Can local papers charge something for what they're offering now on the Web? Well, yeah -- but not much. But let's say local papers beef up their sports sections, as suggested. Would there be an audience willing to pay more for that? Quite likely, particularly in sports-mad towns. And there might be some incentive for individual papers along the line to develop types of expertise they could sell -- say, rugby for one paper or international news in India and Pakistan for another, and so on.

Stark may be onto something there. Other than the national papers such as the New York Times and the Wall Street Journal, the sports section has always been the one that drives a paper's sales. (How many times have you been to a coffee shop to find a newspaper completely intact - only to realize that the sports section was missing?)

But if this is a survival strategy, the papers had better catch on fast. ESPN isn't going to wait.

ESPN Fumbles Redesign

When you have the most-trafficked sports site in the world and one of most popular sites, period, what would you do with it?

You fix something that ain't broke, of course.

ESPN.com unveiled its newly redesigned web site on Monday and surprise! ... everyone immediately hates it:

"The only thing worse than the Jets collapse is this new website."

"Activities I can complete while waiting for a page to load:

1. take a nap
2. have a three course meal
3. watch two and a half men"

"Absolutely terrible. First off, it doesn't work on my work computer. Second, there is so much stuff going on at the same time, it's dizzying. There should be a classic mode for those of us who want a simple ESPN w/o all the unnecessary extras. And I need it to function at work. This is the New Coke of internet sites. SO very bad."

"ESPN,
Let me say I LOVE the new site. But there are a few things that could make it better...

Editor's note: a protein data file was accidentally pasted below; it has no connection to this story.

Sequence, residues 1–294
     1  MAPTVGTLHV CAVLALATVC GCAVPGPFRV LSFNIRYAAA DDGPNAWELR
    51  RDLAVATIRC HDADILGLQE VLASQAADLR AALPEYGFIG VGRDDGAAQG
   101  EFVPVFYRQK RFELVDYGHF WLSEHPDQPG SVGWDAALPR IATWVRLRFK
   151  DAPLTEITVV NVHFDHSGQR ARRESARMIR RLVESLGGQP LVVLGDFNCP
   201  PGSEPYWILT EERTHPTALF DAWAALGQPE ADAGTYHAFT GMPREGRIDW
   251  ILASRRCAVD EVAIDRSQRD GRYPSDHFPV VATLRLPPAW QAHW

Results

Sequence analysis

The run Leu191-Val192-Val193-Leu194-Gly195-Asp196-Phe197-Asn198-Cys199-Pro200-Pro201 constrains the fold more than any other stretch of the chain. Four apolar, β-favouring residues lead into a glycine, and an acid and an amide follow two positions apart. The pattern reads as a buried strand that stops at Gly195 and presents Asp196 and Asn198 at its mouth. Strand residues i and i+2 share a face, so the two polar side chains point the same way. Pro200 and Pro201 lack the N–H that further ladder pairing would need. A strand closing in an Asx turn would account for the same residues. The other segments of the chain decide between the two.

1. More video-Why don't you merge with Youtube?
2. Not enough F-150 ads-LOVE the F-150
3. Not complicated enough-I like my websites to make me think I'm trying to figure out the space time continuum."

"OK.. who let the high school multimedia intern start making decisions in Bristol? "


These are but some of the hundreds complaints trickling in since the new site was launched. And these folks are the intrepid ones, for it's not really all that easy to even find the link to register complaints. As a public service, click here to write your own comments.

The three main problems with the redesign are 1) It's way too busy and it makes it difficult to find anything - plus some of the best features of the old site, such as drop-down menus for different sports, were eliminated. 2) As many readers pointed out, it takes a long time to load and sometimes it crashes the browser. Many users obviously look at the site at work and they don't have all day to wait for a simple page to come up. 3) The new design overwhelms with videos (which contributes to No. 2). A lot of people, surprisingly, still like to read.

The Watchdog fired off a couple of quick questions to ESPN and has yet to hear back. In the meantime, for you nostalgic sorts, here's what this fabulous site used to look like: